Monday, October 1, 2012

Small Roles, Big Performances: Johnny Simmons

This post is part of Ruth's "Small Roles, Big Performances" in which participants are asked to feature an actor who has given a big and memorable performance in a small role.

Ruth gave everyone a month to pick the actor and the role, to possibly re-watch the films, and then finally to write a post on it. Of course, since it's me, I waffled up to the very last minute about which actor/performance to talk about. So it was not until last night I actually picked someone and by that time I really didn't have time to re-watch the film, etc.

With that said, I want to begin by asking a question: Do you know who Johnny Simmons is? If you answered no, then you'll probably be in the majority. In any case, he's a young up-and-comer actor who has been working since 2006 and has only really appeared in a handful of Hollywood films and never as the lead. Most recently, he currently plays the character "Brad" in Stephen Chbosky's delightful The Perks of Being a Wallflower where not shockingly (to me) he makes the most of his very little screentime and dialogue. Many more people might know him as "Young Neil" in one of my favorite films from a couple years ago Scott Pilgrim vs. the World where he again did good work as part of a talented and young ensemble. He also appeared in The Conspirator as the little seen, but narratively important character John Surratt. As you can see, he is definitely living up to the whole "small roles, big performances" ideal.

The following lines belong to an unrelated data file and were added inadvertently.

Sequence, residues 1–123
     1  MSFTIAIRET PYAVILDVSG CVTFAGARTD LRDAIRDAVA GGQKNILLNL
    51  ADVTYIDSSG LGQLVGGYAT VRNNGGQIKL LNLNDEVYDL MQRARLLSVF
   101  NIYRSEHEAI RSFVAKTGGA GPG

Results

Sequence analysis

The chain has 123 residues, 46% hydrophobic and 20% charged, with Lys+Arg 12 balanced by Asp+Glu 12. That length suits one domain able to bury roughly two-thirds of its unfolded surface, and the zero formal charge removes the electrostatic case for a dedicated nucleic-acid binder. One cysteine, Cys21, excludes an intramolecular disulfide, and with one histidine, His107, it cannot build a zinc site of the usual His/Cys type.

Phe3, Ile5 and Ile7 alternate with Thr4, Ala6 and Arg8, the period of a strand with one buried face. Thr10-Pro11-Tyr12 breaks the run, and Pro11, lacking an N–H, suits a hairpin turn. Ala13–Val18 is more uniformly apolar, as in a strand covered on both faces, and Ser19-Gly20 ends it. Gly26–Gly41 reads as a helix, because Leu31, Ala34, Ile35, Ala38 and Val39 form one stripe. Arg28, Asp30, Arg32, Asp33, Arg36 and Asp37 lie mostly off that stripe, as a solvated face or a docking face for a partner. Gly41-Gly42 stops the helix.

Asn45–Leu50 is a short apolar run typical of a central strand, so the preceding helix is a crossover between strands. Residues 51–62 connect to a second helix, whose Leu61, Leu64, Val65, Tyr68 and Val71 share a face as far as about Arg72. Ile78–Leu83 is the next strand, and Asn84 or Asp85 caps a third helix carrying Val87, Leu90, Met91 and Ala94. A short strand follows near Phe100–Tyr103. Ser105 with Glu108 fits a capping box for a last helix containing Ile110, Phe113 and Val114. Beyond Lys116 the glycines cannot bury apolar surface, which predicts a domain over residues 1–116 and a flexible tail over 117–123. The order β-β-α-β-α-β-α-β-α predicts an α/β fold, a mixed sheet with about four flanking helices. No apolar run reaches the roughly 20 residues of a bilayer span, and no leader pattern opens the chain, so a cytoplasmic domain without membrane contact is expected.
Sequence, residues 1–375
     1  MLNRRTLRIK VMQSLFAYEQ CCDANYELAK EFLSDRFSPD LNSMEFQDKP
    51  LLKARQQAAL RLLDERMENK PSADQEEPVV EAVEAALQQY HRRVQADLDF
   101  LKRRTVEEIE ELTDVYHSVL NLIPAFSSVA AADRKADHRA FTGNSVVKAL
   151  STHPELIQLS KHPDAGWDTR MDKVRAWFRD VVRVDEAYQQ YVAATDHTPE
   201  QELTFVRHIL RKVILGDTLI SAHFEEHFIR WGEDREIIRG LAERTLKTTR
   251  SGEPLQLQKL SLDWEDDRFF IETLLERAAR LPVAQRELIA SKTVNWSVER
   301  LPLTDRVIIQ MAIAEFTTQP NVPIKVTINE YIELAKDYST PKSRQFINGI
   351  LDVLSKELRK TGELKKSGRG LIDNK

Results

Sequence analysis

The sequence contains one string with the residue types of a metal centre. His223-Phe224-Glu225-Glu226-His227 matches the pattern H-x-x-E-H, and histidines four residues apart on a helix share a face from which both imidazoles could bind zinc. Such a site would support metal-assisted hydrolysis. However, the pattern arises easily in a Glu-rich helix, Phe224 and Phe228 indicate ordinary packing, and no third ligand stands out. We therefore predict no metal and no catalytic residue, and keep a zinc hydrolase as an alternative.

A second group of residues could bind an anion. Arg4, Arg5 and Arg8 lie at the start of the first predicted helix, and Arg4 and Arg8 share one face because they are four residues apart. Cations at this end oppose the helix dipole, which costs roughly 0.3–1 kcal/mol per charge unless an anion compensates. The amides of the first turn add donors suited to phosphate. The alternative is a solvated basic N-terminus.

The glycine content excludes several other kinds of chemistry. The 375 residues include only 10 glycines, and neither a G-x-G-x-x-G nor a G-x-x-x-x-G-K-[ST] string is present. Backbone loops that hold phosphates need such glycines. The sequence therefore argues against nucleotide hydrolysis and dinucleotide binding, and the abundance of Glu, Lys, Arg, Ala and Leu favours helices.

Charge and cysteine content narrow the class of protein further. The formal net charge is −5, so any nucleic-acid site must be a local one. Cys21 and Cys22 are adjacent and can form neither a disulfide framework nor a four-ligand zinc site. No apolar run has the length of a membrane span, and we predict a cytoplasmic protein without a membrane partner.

But the role I would like to briefly talk about for this blogathon is the first of his I had seen which is that of Ryan Brewer in the film The Greatest. The film revolves around a girl (Carey Mulligan) who gets tangled up in the lives of one family who is grieving the recent death of their eldest boy (Aaron Johnson) after she tells them that she is carrying his baby. Simmons plays the younger brother of the deceased sibling whose shadow he still has to live under even after death. For me, Simmons impressed me by infusing his character a sense of loss and grieving that felt more real to me than any of the other characters. This, of course, is saying a lot since along with Mulligan, Simmons had to also share screens with veteran actors Susan Sarandon and Pierce Brosman who played his distraught parents.

One scene in particular stood out in the film and it was when Ryan finally tells his support group how he felt about his brother's death. It's the emotional climax in the film for me wherein the thread of his character's substance abuse, self-loathing, strained relationship with his parents, and guilt regarding his brother's death are all elegantly pulled together in one affective speech. Of course screenwriter (and director) Shana Feste should get some credit for writing the words, but Simmons really does the heavy lifting by delivering them in such a raw and honest way.





Overall, Johnny Simmons delivers a poignant and sincere performance that to this day I was glad to have called out back in the summer of 2010 as one of the best performances of the year so far. I'm quite looking forward to following his career as it grows and hopefully flourishes.

4 comments:

  1. Good writeup. I'll have to see if i can find this one(I'm hoping the film is god overall?).

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  2. I haven't heard of this film, and it sounds very good. I'm adding it to my list. Great post!

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